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Swimming On Your Period

Whether you’re new to periods or have had them for a while, there will come a time when ‘yours’ is with you and you plan to be in the water…and a pad simply won’t do!

Firstly, going in the water when on your period is not a problem, in fact swimming is a great way to relieve menstrual cramps and who says fun stops just because it’s your time of the month.

Low intensity exercise such as swimming also releases endorphins which act as natural pain relief and can make you feel happier and less stressed too. It won’t make you an Olympic swimmer, but it is good for you to keep active when on your period.

If you’re a pad user you will have to consider changing your protection for the time spent in the water, because a pad will absorb as much fluid as it possibly can. Not only will this make the pad very bulky in your swimwear, there is also a good chance the pad will split and spill its contents into the water too.

You may have heard the rumour that periods stop in water and therefore you don’t need to use any protection at all...take it from us this is NOT TRUE, menstrual fluid is released when the muscles surrounding your uterus contract and they can do this anywhere and anytime, even in water!


Tampons collect menstrual fluid before it leaves the body and are ideal for when you want discretion.

Because the fluid is captured internally, you will never have to worry that blood will enter the water and be seen by others. And if you’re in the sea…don’t believe that myth that sharks can smell your menstrual fluid…this is not true!

When you're ready to go into the water, simply insert a new tampon and you're good to go. Place the string in the centre of your swimwear so it’s not visible, just as you would normally.

Now you may be wondering if the tampon will absorb the water from the pool. A little bit of water may be absorbed at the base of the tampon, which is why it’s a good idea to insert a fresh one before entering the water and your tampon will easily absorb this extra fluid too. When you’ve finally finished in the water you can then remove your tampon and either replace with a new one, or switch over to pads.


If you’re new to tampons try our lite non-applicator absorbency, smaller than our other absorbencies and ideal for when in the water. Check out our video below.


Even if your period did start whilst you were in the pool, the amount released would be so small it would be diluted by the water. Almost all swimming pools contain chemicals such as chlorine to help keep them clean and prevent the spreading of disease, so don’t worry that others may see this fluid or that you are endangering anyone else’s health by swimming when menstruating.


Tampons can hold quite a bit of fluid when necessary and of course when you get out of the water you will want to remove the tampon as soon as you can and either insert a fresh one, or pop on a pad if you are not going back in the water.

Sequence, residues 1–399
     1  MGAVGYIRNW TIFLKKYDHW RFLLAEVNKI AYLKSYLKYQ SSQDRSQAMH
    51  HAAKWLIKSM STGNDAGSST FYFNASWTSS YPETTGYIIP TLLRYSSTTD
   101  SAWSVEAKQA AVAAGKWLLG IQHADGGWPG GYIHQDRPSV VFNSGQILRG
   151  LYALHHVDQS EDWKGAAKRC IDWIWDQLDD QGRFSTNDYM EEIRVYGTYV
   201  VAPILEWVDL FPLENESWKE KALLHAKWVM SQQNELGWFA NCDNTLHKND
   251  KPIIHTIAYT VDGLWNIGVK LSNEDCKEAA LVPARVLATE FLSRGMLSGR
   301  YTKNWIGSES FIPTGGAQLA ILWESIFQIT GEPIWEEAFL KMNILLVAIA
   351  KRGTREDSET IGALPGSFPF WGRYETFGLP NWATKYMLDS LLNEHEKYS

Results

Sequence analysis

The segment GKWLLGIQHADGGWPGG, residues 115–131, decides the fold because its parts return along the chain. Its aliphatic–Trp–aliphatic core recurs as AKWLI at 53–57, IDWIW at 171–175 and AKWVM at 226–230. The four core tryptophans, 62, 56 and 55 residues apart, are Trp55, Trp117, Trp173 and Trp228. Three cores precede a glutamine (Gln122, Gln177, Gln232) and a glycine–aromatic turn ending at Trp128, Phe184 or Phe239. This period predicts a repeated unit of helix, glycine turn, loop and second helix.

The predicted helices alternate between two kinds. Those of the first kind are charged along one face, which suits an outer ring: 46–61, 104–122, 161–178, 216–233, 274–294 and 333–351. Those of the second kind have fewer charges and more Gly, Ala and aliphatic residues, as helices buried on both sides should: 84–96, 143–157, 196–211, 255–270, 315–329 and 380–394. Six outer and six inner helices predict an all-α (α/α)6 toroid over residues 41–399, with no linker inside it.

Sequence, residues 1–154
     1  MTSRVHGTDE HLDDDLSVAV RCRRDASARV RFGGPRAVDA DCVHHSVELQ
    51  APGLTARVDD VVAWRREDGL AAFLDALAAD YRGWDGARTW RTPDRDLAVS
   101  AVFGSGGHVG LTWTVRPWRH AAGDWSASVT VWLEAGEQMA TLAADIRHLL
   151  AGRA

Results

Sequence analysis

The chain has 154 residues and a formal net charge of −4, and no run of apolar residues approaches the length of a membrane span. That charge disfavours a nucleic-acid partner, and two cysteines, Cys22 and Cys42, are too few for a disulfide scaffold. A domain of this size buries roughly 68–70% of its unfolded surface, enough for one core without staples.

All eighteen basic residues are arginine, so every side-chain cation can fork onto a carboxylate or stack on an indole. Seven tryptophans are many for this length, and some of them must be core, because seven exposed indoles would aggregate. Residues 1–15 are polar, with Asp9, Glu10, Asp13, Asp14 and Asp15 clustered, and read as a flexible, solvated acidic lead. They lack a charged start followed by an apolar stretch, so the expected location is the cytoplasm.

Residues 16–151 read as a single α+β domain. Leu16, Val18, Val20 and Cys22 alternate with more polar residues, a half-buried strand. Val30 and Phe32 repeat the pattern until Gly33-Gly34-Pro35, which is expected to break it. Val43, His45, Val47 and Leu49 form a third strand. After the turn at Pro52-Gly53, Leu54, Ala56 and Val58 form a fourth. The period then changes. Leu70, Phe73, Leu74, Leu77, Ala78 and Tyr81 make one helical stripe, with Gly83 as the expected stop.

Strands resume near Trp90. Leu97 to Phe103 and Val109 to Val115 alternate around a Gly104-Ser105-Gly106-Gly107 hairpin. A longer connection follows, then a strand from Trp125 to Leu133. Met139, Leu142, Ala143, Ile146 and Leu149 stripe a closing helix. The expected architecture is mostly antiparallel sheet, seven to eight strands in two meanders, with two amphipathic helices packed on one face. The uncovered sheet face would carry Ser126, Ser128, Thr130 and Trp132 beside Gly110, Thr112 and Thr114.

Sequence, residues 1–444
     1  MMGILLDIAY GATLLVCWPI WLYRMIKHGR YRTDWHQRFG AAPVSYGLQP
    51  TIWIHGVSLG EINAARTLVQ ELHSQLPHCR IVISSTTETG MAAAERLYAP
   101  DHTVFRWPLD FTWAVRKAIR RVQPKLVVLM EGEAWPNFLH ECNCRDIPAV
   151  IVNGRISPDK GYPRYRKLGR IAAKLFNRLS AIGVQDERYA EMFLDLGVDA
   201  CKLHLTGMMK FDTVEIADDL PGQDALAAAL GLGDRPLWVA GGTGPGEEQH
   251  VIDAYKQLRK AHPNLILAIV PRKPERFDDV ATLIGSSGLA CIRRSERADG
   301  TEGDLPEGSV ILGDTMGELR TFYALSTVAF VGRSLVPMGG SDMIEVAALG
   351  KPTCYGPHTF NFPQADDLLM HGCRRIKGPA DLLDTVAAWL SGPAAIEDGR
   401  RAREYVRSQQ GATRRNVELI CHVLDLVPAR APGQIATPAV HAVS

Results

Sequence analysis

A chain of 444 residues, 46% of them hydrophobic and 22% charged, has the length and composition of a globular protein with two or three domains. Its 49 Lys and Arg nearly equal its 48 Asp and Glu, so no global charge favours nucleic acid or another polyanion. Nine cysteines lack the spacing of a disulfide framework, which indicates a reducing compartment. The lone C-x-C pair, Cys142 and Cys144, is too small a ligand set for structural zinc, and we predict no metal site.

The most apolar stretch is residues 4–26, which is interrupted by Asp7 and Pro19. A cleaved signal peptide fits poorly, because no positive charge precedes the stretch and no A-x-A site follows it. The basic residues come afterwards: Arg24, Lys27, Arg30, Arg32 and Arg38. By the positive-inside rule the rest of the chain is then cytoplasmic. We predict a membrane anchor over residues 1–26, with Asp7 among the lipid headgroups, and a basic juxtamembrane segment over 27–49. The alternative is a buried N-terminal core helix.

Get into the habit of taking a beach bag with you when out and about, keep some useful supplies in this bag, such as spare pads or tampons and a dark coloured beach towel.

If it makes you feel more comfortable consider wearing darker coloured swimwear when on your period too!

As soon as you can, pop to the toilet or shower and remove your tampon and either replace with a new one, or pop on a pair of shorts, or fresh swimsuit and wear a pad.

If you have been in a swimming pool, it’s a good idea to have a shower or change your swimwear as the chlorine used in pools can sometimes cause irritation to the vagina or vulva.


If you are not yet ready to use tampons there is still no reason why you can’t have fun on holiday or when going the swimming baths.

If you prefer pads, then pop these on and wear a pair of summer shorts over your swimsuit or bikini to help you feel less self-conscious, you can still dangle your legs in the pool. If anyone asks, say you just don’t want to get your hair wet and have to restyle it later.

If it's a school swimming lesson have a chat to your teacher and ask if you can be excused on this occasion. 

If you're taking part in water sports such as surfing, canoeing or even in an ocean or lake, where the water can be very cold, even on a sunny day, you could wear a wetsuit, and a pad can be worn with this type of active wear.

If your flow is very light or you’re at the end of your period, you may not need to use any form of sanitary protection when in water. Be sure to follow the steps listed earlier for when you get out of the pool.

If you really don’t want to be in the water then check out what other activities are available to enjoy.

Chances are your period will not be with you for the entire holiday and you can get some shopping, sightseeing done on your period days. Even have a game of tennis or beach volleyball and our personal favourite, sitting around the pool or on the beach with a good book or magazine.

Some people consider delaying their period whilst on holiday. This can only be done with the permission of your doctor and by taking the contraceptive pill. But it is often noticed that any subsequent periods are erratic and can be heavier.

Remember, that periods are a natural part of life and with so many great products on the market there is no reason why you cannot carry on with your life and enjoy doing the things you love.

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Tips For Managing Your Period On Holiday

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